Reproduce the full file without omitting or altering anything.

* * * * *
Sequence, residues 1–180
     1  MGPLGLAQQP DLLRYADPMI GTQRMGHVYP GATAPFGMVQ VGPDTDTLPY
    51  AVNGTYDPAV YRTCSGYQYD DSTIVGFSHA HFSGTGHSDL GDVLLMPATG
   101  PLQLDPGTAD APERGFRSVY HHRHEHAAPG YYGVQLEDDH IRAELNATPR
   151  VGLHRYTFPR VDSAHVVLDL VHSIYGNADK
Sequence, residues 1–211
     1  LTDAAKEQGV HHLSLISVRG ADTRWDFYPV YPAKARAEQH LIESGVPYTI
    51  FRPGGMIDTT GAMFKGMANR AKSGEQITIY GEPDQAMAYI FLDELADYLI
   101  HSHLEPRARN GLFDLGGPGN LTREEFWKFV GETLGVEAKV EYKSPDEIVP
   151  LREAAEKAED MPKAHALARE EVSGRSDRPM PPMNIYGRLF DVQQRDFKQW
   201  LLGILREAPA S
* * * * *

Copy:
Sequence, residues 1–180
     1  MGPLGLAQQP DLLRYADPMI GTQRMGHVYP GATAPFGMVQ VGPDTDTLPY
    51  AVNGTYDPAV YRTCSGYQYD DSTIVGFSHA HFSGTGHSDL GDVLLMPATG
   101  PLQLDPGTAD APERGFRSVY HHRHEHAAPG YYGVQLEDDH IRAELNATPR
   151  VGLHRYTFPR VDSAHVVLDL VHSIYGNADK
Sequence, residues 1–211
     1  LTDAAKEQGV HHLSLISVRG ADTRWDFYPV YPAKARAEQH LIESGVPYTI
    51  FRPGGMIDTT GAMFKGMANR AKSGEQITIY GEPDQAMAYI FLDELADYLI
   101  HSHLEPRARN GLFDLGGPGN LTREEFWKFV GETLGVEAKV EYKSPDEIVP
   151  LREAAEKAED MPKAHALARE EVSGRSDRPM PPMNIYGRLF DVQQRDFKQW
   201  LLGILREAPA S